European Banks: the nightmare continues

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13 mins. to read
European Banks: the nightmare continues

European banks must raise more capital at a time when their share prices are depressed and the probability of a European recession in 2020 is increasing. Even if Boris wins, the UK may be unable to avoid the fallout, writes Victor Hill.

A warning from the EBF

A report issued by the European Banking Federation (EBF – a trade association which represents 32 national banking associations across the EU and EFTA) on 22 November contains a stark warning. Compiled by Copenhagen Economics, the report envisages that the regulatory structure for banks known as Basel III– which provides a comprehensive framework for bolstering bank capital adequacy – could reduce the volume of bank lending in Europe by €2.9 trillion over the next 10 years. That, in turn, could diminish economic growth to the tune of 0.5 percent of GDP every year.

I reflected last week on a research paper produced by Citi Group which observed that while quantitative easing (QE) was back and rising fast, liquidity generated from new bank lending activity is on the wane (and I implied that there is a causal connection between the two). This week I want to explore how the framework of European banking regulation, which is largely designed to sustain the European single currency, is having an effect that is inimical to Europe’s growth prospects – and therefore to the continent’s continued prosperity as a whole. And especially inimical to the prosperity of its weaker members.

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Europe’s banks will have to raise up to €400 billion of new capital in order fully to comply with the Basel III rulebook. That is a big ask when their share prices have been falling. Just consider that the Euro Stoxx 600 Bank Index (SX7GT)has halved in value since 2015. It is down by nearly 14 percent on a 12 month basis.

The alternative to raising new capital if that becomes unfeasible would be to shrink their balance sheets by liquidating loan portfolios. That course of action, replicated widely, would be highly deflationary short-term and would starve businesses of investment capital medium-term.

Basel III was promulgated after the financial crisis of 2008-09 in order to avoid any possible future systemic banking crisis. Not only did it raise minimum bank capital ratios (of which the leverage ratio is just one metric), it also set forth a portfolio of risk models by which banks can evaluate the relative riskiness of their exposures. I have written elsewhere around how these statistical bank risk models are conceptually flawed. But for now, let’s just agree that they incentivise banks to avoid high-risk activities (like lending to exciting young businesses) and to stick to boring low-risk things (like buying government bonds, thus, in the case of Italy, perpetuating the doom loop for evermore). This entails a perverse race to the bottom of the growth stakes.

Total bank assets across the EU, the report estimates, will have to be reduced by as much as €4.6 trillion in order for European banks to be Basel III-compliant. Obviously, as a bank de-leverages so its return on equity declines. This is one reason why European banks’ shares have fared so poorly on the bourses. Furthermore, in a zero or negative interest rate environment, European banks have to pay the ECB for the privilege of parking funds there.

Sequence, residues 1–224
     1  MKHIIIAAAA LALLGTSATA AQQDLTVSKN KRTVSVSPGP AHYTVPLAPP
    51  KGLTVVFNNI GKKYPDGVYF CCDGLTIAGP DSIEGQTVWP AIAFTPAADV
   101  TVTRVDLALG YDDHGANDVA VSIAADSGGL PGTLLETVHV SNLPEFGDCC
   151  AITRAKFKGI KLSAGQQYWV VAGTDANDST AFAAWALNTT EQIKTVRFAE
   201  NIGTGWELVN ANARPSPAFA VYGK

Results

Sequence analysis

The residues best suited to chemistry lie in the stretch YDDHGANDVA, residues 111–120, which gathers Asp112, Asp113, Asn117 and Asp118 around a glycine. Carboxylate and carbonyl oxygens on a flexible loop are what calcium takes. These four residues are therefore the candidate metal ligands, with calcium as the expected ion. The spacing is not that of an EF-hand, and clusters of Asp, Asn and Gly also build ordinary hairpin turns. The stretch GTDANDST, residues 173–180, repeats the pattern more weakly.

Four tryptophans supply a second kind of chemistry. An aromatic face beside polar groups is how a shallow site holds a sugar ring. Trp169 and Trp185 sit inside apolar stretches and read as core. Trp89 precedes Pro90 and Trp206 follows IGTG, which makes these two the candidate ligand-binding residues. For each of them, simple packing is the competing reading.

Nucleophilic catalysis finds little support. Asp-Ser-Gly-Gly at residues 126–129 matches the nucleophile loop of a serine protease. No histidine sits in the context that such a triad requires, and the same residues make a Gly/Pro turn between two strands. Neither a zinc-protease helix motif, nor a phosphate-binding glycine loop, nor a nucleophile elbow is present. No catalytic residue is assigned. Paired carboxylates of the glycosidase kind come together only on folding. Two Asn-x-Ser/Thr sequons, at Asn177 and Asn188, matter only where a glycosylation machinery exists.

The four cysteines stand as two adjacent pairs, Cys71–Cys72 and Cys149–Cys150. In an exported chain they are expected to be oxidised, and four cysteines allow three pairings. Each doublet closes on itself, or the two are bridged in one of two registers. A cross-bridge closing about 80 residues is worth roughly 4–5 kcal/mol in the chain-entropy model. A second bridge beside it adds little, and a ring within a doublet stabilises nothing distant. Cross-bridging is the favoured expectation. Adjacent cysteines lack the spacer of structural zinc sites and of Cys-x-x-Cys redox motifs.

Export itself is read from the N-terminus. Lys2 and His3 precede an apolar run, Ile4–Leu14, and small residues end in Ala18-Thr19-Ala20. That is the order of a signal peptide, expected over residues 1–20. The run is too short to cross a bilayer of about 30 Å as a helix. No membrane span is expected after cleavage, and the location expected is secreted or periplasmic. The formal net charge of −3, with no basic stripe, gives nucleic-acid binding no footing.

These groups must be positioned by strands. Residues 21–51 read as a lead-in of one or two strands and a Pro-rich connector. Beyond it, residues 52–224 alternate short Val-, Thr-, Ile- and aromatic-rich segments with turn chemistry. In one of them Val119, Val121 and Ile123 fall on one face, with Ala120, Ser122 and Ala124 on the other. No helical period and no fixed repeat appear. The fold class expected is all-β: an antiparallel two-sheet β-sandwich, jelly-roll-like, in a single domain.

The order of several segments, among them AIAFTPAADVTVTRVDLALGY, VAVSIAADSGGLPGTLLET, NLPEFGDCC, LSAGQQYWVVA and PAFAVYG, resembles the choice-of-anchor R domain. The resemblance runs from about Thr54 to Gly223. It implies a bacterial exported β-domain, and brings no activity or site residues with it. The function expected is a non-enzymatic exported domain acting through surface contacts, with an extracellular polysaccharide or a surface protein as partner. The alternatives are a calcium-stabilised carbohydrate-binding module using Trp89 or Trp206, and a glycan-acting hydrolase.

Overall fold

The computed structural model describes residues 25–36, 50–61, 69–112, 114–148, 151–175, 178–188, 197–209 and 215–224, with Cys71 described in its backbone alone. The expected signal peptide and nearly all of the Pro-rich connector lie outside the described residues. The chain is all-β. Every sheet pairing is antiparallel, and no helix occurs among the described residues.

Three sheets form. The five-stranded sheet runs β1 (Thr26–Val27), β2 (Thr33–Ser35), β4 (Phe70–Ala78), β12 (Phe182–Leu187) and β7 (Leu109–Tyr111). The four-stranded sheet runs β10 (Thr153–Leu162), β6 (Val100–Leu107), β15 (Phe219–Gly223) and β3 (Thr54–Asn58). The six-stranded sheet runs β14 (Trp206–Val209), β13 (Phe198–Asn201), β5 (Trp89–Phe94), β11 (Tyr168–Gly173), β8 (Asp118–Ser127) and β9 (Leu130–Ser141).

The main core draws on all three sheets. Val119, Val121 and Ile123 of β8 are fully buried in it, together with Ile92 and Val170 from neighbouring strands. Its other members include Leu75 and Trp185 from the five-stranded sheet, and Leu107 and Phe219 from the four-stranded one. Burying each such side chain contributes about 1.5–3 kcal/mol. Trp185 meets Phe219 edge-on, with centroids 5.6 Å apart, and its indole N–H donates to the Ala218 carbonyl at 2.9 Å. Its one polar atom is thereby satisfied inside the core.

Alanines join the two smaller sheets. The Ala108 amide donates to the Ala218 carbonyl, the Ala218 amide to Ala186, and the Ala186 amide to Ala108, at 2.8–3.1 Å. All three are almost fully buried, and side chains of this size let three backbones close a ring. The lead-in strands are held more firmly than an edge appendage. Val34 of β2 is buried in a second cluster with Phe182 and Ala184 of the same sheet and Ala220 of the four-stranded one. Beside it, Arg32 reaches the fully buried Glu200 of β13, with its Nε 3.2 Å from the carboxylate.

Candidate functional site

The Basel III package of regulations, already adopted by larger international European banks, will become universal in 2022 and will be progressively tightened over the subsequent five years. It provides not just for the management of credit risk (the risk that a borrower might default on its loan obligations) but also for a range of other kinds of financial risk such as operational risk (traders going berserk, fat finger syndrome and so on). Copenhagen Economics thinks that the framework will not make the banking system much safer and that it is fraught with unintended consequences.

The key criticism of Basel III is that it is a one size fits all solution which ignores the role of bank culture in prudential regulation at both the national and corporate levels. It encourages box-ticking tunnel vision driven largely by credit ratings (and related internal ratings-based risk models).

Outside Europe, things are done differently. American banks have not signed up to Basel III but are regulated by the slew of legislation that followed the financial crisis of 2008-09 in the early Obama administration – notably the Dodd-Frank Wall Street Reform and Consumer Protection Act (2010). Large US banks are very nearly at their target levels of capital and will only have to raise another 1.5 percent of new capital. Asian banks have followed the development of Basel III very closely and have adopted similar risk models but have avoided the straight-jacket favoured by the Europeans.

In the UK, the banking regulator – the Bank of England – has implemented its own iteration of Basel III which, in some respects, is even more onerous. For example London requires banks to maintain larger liquidity buffers than in Europe. These theoretically reduce liquidity risk – the risk that banks might run out of cash in adverse market conditions (as opposed to solvency risk – the risk that they will run out of capital). Copenhagen Economics thinks that British banks will have to raise up to €70 billion of new capital in order to be fully Basel III-compliant.